This means that you’ll need to make your sales velocity move quicker (or go higher if you’re looking at it in dollar numbers), to meet your sales goals.
Here’s how you do that. If you look at the formula again, there are 4 other metrics to identify first to find the velocity rate: number of opportunities, deal size, win rate and sales cycle length.
Mathematics tells us that if you change any one of these metrics on the other side of the equation, the answer also changes. So how do you increase the velocity rate so you’ll reach the quarterly sales goal? Just change at least one of these four metrics.
Andrew Nguyen says in Bizible, sales velocity is a useful metric because it captures trending information around time and money, two basic but fundamental measures of performance. Perhaps you can generate business faster by decreasing the sales cycle. Or maybe generate more business by maintaining a good win-rate and short sales cycle.
As you can see, sales velocity is vital to understanding the health of your conversion funnel right now. And more importantly, what immediate actions to take to reach your business goals.
4. Visits by Source
The quality of a site’s traffic affects its conversion rate. A website can have lots of visitors. But if most of them are not interested in what the site is selling, then you can’t expect them to convert.
This is why knowing your site’s traffic sources and how each traffic performs in your sales pipeline is another conversion funnel metric worth tracking.
Here’s Jesper Åström showing where you can find this on Google Analytics and how you can use this information for website optimization.
Here’s what I suggest you do.
Look at the data for each source of traffic and analyze how each of them converts. Then refine that data further by finding out at which stage of the funnel most of them drop off.
As you do this, you may find that visitors from different traffic sources have different conversion rates. Once you know this, you have some decisions to make such as:
- Should you spend more time optimizing your site for the source of traffic that already converts well?
- Is it worth optimizing your site for the visitors from an underperforming traffic source?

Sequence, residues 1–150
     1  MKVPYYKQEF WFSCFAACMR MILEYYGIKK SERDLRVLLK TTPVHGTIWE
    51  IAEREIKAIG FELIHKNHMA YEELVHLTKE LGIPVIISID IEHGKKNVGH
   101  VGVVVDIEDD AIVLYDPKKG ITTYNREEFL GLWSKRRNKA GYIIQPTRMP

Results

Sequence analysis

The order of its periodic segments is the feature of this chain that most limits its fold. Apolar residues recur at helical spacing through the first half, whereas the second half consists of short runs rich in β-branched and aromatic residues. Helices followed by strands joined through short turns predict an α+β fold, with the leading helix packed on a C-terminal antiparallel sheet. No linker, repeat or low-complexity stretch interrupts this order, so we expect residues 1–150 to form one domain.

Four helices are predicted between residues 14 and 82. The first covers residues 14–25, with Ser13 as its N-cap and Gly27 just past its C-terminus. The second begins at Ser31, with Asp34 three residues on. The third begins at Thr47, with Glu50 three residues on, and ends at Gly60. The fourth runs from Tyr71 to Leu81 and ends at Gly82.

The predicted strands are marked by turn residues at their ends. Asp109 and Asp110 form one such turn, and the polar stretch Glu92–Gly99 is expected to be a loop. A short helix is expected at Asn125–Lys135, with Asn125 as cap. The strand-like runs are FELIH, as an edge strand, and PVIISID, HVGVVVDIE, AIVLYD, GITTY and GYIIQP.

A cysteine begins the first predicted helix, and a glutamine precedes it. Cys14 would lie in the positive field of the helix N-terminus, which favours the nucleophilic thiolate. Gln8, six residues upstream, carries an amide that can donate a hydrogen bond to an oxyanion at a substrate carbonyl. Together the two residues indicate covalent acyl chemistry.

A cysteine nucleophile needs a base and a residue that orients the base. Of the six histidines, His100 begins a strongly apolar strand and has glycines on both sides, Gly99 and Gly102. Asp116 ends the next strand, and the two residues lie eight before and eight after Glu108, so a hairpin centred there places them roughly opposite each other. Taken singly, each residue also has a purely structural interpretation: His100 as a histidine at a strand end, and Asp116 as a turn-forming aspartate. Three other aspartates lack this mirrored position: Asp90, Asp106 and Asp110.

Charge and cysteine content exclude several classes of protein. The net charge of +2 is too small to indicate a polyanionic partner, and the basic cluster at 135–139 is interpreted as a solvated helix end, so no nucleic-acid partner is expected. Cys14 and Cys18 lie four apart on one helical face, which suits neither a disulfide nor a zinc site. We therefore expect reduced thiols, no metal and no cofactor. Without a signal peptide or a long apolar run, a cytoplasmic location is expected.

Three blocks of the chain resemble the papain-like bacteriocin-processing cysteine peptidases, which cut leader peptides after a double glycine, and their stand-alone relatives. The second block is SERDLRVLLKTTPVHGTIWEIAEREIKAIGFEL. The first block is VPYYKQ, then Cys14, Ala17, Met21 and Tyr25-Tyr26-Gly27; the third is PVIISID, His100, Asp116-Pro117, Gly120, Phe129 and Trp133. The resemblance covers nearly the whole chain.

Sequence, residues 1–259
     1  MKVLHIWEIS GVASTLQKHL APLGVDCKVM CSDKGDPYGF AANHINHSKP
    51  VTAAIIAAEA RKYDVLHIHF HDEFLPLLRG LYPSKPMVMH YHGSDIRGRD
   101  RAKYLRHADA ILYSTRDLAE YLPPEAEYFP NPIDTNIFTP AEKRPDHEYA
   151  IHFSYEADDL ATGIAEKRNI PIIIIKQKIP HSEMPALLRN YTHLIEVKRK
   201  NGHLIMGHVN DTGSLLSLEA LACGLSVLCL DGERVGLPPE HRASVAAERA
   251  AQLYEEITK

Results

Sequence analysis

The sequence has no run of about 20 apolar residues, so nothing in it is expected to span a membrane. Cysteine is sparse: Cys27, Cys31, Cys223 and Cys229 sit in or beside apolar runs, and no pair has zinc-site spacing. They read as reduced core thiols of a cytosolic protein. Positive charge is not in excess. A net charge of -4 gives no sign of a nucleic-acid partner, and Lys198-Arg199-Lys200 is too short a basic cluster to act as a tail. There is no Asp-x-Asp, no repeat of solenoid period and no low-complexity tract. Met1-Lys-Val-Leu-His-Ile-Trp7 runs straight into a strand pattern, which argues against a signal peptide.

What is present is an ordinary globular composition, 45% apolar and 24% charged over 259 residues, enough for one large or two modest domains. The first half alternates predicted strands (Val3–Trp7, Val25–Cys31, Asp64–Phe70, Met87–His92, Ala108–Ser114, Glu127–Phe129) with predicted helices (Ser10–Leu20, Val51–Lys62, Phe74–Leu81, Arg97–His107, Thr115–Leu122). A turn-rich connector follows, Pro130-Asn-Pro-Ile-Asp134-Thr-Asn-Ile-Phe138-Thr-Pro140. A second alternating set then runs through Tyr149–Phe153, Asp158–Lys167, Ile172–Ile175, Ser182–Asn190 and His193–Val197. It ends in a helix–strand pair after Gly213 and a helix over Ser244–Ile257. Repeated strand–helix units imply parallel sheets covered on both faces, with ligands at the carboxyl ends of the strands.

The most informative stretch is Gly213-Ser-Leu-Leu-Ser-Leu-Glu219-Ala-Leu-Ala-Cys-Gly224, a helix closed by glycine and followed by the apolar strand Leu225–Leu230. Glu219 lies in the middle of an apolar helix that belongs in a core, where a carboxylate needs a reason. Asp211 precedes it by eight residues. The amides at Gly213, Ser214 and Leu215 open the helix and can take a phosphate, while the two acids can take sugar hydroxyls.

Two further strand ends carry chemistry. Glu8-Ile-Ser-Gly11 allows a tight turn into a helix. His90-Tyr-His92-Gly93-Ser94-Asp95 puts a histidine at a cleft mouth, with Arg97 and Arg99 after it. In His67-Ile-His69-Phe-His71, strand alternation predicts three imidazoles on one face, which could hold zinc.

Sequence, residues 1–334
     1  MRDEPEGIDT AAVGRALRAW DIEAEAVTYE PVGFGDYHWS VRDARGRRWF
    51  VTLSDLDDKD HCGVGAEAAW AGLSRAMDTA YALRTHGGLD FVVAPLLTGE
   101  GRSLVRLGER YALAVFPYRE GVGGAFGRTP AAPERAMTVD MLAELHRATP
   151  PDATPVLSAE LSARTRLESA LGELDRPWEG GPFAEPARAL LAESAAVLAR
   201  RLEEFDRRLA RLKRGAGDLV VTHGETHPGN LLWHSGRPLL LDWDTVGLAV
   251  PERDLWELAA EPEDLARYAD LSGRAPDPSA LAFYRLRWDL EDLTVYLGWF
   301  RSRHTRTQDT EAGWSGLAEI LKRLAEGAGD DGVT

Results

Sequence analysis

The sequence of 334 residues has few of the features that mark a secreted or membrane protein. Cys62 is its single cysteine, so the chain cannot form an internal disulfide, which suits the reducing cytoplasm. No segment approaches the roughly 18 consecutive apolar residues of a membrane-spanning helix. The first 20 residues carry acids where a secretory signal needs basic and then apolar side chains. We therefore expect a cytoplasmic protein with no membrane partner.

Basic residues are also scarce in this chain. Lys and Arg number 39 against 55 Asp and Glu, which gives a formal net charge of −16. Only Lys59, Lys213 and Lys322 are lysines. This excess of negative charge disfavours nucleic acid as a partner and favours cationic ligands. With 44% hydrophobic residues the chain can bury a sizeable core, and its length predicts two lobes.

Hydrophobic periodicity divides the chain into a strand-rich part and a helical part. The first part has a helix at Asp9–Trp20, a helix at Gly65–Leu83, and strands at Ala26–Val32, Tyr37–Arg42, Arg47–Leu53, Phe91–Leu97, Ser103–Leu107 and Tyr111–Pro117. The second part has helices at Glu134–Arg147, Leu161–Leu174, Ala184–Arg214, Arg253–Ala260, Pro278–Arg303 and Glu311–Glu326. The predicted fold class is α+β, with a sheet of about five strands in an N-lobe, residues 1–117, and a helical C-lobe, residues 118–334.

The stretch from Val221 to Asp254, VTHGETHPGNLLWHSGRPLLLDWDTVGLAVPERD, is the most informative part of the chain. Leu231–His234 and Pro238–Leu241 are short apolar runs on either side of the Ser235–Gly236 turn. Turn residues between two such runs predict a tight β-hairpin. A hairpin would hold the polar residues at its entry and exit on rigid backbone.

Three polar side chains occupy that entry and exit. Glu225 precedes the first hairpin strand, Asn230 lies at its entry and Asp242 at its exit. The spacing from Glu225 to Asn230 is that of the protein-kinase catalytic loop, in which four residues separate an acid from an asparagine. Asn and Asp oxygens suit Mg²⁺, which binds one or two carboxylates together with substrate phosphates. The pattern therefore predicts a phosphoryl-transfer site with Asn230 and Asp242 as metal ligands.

- If visitors from one traffic source drops off in specific pages on your site, why do you think this is? What can you improve so they keep moving down the funnel?
As you go through this analysis, also consider the nature of the people from specific traffic sources. For example, traffic from a search engine tends to convert better when your site has a page that addresses their search query well. On the other hand, social media traffic is more exploratory and may not convert as well as search traffic.
I guess what I’m saying is this: sometimes, it’s them, not you. 😉
5. Cost Per Acquisition
If you want to make sure you’re making more money than what you’re spending on customer acquisition, then keep track of the cost per acquisition (CPA) metric.
Here’s the formula to measure CPA:
CPA = total spend / total number of sales
This is easy to figure out when you know exactly the cost of a campaign like when using Google or Facebook ads.
However, the total spend on marketing channels like social media and SEO is not easy to track. There are ways you can do it, but it’s not 100% accurate. It’s still worth doing it though. The data can help you decide whether or not it’s worth your time investing in these traffic sources.
If you want to learn more about how to do this, here are a few resources that will set you on the right path:
- How to measure social media ROI with Google Analytics
- How to measure content marketing strategy with Google Analytics
Apart from these 5 metrics, there are many other conversion funnel metrics you can track. But these should give you enough data to see how effective your funnel is and what to focus on to improve conversions.
Here are the five metrics again:
Most people think more traffic = more sales.
The real part is to make the most out of the traffic by CRO.